It is also this system that has largely regulated space in support of unequal social relations in favor of the ruling classes. It is in their favor to limit the spaces for the assertion of individual or collective discontent: All places for congregation should be either spaces for conspicuous consumption (as in shopping malls) or spaces of passive reception of pre-packaged messages (as in the President’s speech).
Turning the tables
To protest in this context means taking back dominated space. It means breaking the barriers set by those in power to curtail the people’s resistance. It means a tug of war over the space in which the assertion of the people’s rights and interests can be made possible.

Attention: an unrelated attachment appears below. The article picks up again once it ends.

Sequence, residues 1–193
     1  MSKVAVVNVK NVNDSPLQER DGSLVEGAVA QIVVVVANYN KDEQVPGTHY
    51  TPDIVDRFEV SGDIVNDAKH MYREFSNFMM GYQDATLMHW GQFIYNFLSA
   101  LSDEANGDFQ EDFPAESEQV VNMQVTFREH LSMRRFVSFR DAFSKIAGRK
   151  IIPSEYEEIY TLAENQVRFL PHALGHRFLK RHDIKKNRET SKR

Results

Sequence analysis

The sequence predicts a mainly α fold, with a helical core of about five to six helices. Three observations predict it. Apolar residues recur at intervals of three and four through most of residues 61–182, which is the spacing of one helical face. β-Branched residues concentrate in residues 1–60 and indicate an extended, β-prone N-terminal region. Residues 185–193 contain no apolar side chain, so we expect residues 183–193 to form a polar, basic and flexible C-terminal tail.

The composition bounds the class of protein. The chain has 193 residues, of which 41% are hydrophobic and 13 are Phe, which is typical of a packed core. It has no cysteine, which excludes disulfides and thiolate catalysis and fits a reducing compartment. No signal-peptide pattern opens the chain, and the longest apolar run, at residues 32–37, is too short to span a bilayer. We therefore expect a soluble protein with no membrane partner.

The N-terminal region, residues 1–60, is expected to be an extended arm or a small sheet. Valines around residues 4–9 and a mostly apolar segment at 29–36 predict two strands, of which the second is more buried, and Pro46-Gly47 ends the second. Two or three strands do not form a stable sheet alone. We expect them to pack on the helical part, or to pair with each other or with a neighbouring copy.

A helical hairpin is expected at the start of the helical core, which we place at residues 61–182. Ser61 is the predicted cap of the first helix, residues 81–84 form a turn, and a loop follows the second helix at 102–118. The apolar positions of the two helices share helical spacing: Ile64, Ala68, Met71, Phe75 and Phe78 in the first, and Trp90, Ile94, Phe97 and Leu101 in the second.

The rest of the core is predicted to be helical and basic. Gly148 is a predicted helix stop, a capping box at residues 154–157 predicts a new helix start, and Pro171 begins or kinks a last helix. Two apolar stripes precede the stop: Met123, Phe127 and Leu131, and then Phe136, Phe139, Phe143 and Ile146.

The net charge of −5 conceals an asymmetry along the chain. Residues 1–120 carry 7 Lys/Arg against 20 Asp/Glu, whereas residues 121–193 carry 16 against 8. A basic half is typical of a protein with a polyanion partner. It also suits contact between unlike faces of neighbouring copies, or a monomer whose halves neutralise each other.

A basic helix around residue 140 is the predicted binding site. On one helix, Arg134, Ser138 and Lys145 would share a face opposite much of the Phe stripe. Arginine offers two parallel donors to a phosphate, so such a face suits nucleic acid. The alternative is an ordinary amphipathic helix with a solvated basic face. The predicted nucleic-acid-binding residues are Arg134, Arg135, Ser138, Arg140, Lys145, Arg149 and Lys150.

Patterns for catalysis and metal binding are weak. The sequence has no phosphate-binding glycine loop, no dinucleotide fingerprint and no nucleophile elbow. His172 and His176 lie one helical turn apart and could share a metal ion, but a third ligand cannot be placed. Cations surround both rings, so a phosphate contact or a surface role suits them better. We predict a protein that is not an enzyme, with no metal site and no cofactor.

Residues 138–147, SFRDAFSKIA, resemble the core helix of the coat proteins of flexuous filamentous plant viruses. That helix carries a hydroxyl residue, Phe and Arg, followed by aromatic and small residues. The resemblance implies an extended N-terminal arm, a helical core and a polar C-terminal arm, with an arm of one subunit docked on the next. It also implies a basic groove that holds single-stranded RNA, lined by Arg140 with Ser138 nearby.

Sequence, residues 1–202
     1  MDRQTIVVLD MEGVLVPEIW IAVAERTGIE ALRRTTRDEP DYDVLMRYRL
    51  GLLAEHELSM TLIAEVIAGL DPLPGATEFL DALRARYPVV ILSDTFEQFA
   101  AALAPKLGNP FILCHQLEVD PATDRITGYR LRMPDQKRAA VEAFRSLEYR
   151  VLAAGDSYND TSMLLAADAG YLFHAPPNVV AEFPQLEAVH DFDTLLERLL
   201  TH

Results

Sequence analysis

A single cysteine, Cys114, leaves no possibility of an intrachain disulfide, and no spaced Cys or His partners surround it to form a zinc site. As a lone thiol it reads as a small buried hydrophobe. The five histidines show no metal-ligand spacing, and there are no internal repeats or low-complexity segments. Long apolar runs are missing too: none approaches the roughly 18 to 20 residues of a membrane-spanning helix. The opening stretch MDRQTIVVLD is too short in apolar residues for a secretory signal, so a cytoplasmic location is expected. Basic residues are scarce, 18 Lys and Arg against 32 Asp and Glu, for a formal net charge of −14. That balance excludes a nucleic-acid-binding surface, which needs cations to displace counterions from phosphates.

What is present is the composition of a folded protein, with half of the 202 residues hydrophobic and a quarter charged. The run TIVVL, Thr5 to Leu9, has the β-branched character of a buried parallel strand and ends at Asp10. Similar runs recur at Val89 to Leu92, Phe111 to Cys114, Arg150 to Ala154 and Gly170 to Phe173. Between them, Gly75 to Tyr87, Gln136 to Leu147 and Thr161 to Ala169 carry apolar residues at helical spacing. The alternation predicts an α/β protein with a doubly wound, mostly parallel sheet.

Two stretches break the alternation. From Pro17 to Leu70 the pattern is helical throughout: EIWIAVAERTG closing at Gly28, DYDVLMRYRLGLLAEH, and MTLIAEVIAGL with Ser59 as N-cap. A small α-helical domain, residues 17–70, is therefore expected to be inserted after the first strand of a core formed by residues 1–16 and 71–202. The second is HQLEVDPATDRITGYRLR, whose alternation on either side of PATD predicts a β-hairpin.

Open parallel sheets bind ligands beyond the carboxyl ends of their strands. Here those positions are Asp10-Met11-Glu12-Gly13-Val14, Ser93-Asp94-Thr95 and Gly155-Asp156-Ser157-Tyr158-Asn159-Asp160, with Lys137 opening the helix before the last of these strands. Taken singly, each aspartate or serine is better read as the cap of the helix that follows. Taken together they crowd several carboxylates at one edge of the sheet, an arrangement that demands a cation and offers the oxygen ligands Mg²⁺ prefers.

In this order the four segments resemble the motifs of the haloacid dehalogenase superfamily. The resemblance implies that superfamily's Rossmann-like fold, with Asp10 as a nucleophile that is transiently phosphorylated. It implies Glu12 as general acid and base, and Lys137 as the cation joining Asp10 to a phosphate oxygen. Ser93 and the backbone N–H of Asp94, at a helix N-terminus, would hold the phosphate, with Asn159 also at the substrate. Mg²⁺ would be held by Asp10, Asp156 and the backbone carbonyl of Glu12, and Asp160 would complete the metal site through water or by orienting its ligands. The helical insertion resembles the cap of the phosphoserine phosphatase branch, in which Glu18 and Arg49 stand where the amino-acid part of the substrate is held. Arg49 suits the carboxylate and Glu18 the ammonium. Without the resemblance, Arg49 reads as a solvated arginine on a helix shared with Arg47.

Mijares was not alone. On that very day, thousands all over the country took to the streets to call for the complete abolition of the pork barrel and to decry President Aquino’s blatant covering up of the extent of systemic corruption. He is part and parcel of this mass movement.
The daring disruption of the Independence Day speech turned the tables on the regime, transforming an official ceremony seeking to deodorize a rotting dispensation into an occasion for demonstrating the unwavering resolve of the Filipino people to struggle for national liberation and genuine democracy.